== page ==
November 1, 2013 6:19 pm

The rising demand for tattoo removal

In an increasingly crowded jobs market, it is not just in Tokyo that ink on skin is becoming taboo
A 19th-century Japanese illustration by Yoshitoshi©Corbis

A 19th-century Japanese illustration by Yoshitoshi

Could it be a coincidence that just as Caroline Kennedy becomes more visibly political – in October she was confirmed by the US Senate as ambassador to Japan – the butterfly tattoo below her elbow appears to be fading and is increasingly hidden beneath long-sleeved Chanel jackets?

Kennedy, the daughter of assassinated president John F. Kennedy, will no doubt make an exemplary ambassador but she is well advised to cover up her tattoo – or even have laser treatment to remove it – if her ambitions in politics continue in earnest.

Indeed President Obama’s promotion of Kennedy is at odds with the 61 per cent of HR managers who believe a visible tattoo damages a job applicant’s chances of employment. “The influence of appearance goes beyond the hiring process. It has an impact on the perception of one’s competence,” say the authors of an annual study on professionalism in the workplace from the Centre for Professional Excellence at York College of Pennsylvania.

The US Army’s proposed ban on visible tattoos (those below the knee or elbow or above the neckline) also implies that they are becoming less acceptable at work.

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“No one is going to take you seriously if you’re up for partnership and you have a tattoo of a dolphin on your hand,” says Bryan Mayou, a plastic surgeon at the Cadogan Clinic in London. In the past two years, Mayou says, he has seen a 50 per cent increase in patients for tattoo removal at his Chelsea practice.

“Sailors were the original tattoo addicts but now they go across the socioeconomic spectrum. It’s an epidemic, and we now see bankers and lawyers in their late thirties and forties of both sexes coming in because they are genuinely embarrassed by them,” says Dr Nick Lowe, consultant dermatologist and spokesman for the British Academy of Dermatology.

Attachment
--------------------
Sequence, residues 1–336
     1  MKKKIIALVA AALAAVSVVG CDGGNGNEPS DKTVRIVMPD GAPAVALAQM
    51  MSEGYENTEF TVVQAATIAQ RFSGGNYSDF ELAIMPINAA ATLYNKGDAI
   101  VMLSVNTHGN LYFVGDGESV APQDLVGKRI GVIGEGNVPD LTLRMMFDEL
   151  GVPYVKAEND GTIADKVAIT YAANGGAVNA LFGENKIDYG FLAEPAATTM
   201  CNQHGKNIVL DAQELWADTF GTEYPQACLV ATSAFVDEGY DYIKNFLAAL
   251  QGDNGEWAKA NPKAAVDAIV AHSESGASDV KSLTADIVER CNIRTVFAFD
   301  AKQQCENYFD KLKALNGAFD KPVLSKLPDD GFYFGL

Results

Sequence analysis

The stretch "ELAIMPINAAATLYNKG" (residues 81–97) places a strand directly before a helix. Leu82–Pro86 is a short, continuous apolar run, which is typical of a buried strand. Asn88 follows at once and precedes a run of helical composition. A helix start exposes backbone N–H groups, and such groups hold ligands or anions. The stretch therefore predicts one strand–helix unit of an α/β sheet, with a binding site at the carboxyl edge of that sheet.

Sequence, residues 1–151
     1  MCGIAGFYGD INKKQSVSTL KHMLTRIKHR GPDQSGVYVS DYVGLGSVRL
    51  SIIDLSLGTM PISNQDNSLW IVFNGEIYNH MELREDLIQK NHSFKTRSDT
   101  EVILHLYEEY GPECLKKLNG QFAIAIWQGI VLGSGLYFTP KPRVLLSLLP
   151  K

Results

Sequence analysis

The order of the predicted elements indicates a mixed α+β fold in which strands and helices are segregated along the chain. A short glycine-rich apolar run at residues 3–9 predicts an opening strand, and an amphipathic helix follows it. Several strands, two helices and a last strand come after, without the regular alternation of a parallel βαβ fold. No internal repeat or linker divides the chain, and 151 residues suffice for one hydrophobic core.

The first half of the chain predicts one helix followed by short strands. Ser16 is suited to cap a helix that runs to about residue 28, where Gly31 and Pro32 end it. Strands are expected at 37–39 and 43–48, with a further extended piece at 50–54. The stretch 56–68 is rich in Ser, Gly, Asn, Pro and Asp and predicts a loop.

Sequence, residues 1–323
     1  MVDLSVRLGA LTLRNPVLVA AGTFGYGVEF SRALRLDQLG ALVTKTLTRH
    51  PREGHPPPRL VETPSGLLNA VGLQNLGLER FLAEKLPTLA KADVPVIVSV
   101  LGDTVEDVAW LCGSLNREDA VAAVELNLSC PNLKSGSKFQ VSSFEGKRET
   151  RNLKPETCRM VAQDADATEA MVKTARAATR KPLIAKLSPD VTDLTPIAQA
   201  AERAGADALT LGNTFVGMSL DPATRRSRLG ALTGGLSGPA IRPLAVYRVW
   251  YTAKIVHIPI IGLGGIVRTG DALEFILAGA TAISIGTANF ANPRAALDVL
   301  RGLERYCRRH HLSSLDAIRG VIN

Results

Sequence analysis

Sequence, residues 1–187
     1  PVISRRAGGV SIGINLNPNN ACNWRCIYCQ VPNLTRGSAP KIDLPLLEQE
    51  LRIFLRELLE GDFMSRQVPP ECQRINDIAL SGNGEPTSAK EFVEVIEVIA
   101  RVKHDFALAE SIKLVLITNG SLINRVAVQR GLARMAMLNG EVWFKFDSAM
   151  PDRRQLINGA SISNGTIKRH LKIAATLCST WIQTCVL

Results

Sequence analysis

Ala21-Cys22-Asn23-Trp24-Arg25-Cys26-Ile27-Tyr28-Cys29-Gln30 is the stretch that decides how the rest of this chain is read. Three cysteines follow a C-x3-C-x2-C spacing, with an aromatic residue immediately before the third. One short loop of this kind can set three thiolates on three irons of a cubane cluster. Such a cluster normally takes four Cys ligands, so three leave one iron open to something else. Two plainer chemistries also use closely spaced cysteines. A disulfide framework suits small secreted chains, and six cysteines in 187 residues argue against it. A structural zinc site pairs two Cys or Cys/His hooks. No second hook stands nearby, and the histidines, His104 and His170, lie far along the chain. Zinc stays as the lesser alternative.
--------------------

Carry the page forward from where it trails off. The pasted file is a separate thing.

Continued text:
“People associate tattoos with drunken behaviour,” explains Dr Amy Forman Taub, a dermatologist in Illinois where interest in removal is up 30 per cent. “In a creative environment like advertising or in Silicon Valley, a tattoo is OK or even expected. But on Wall Street a tattoo would not be advantageous to your career.”

Dr Ben Saunders, a tattoo removal specialist at UK chain Trueskin MediSpa, has a different take: “I see tattoos more as an outlet for compulsive behaviour,” he says. “Celebrities such as Cara Delevingne and David Beckham are constantly adding tattoos; it has become a habit to mark every momentous occasion with ink.”

Caroline Kennedy©Reuters

Caroline Kennedy

Last year the British Academy of Dermatology reported a third of people regretted their tattoo, which has led to new laser technology to remove them.

“Lasers put out an ultra-fast pulsed width of light that you can actually hear hitting the skin,” says Frank D’Amelio, chief executive of Ellman International, a company that makes lasers for tattoo removal. “The shock breaks up the ink into small particles and these fine particles are removed through the lymph system.” Anything from three to 15 sessions are required, costing from £150 a treatment, depending on the size and colour of the ink.

“The toughest pigments to remove are yellow, blue and green,” says Dr Roy Geronemus, director of the Laser and Skin Surgery Centre in New York. “But I am seeing a lot more successes with PicoSure treatment.”

The PicoSure laser, launched in April, may be paving the way for quicker tattoo removal but such advances in technology are also having an adverse effect.

“Generation Y have a much more transient view of tattoos because they think they can easily get them removed,” says Catherine Cottney, senior trend analyst at Mintel. “They don’t realise how expensive and painful it is.”

Painful? “Basically we are burning the skin so I inject liquid anaesthetic into each area,” says Forman Taub.

Now that Kennedy has been made ambassador, she will need to think hard about whether the butterfly stays; in Japan a small tattoo can even prohibit entry to some restaurants and shops. And in an increasingly crowded jobs market, it is not just in Tokyo that tattoos are becoming taboo.

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ft.com/stylestockists

Cadogan Clinic , from £150

British Academy of Dermatology

Dr Amy Forman Taub , Illinois, from $350/£215

Ellman International . Recommended laser: The Medley Multifunction Laser, $150/£90 a session

Laser & Skin Surgery Centre of New York , from $400/£250

Trueskin MediSpa , from £199 per session

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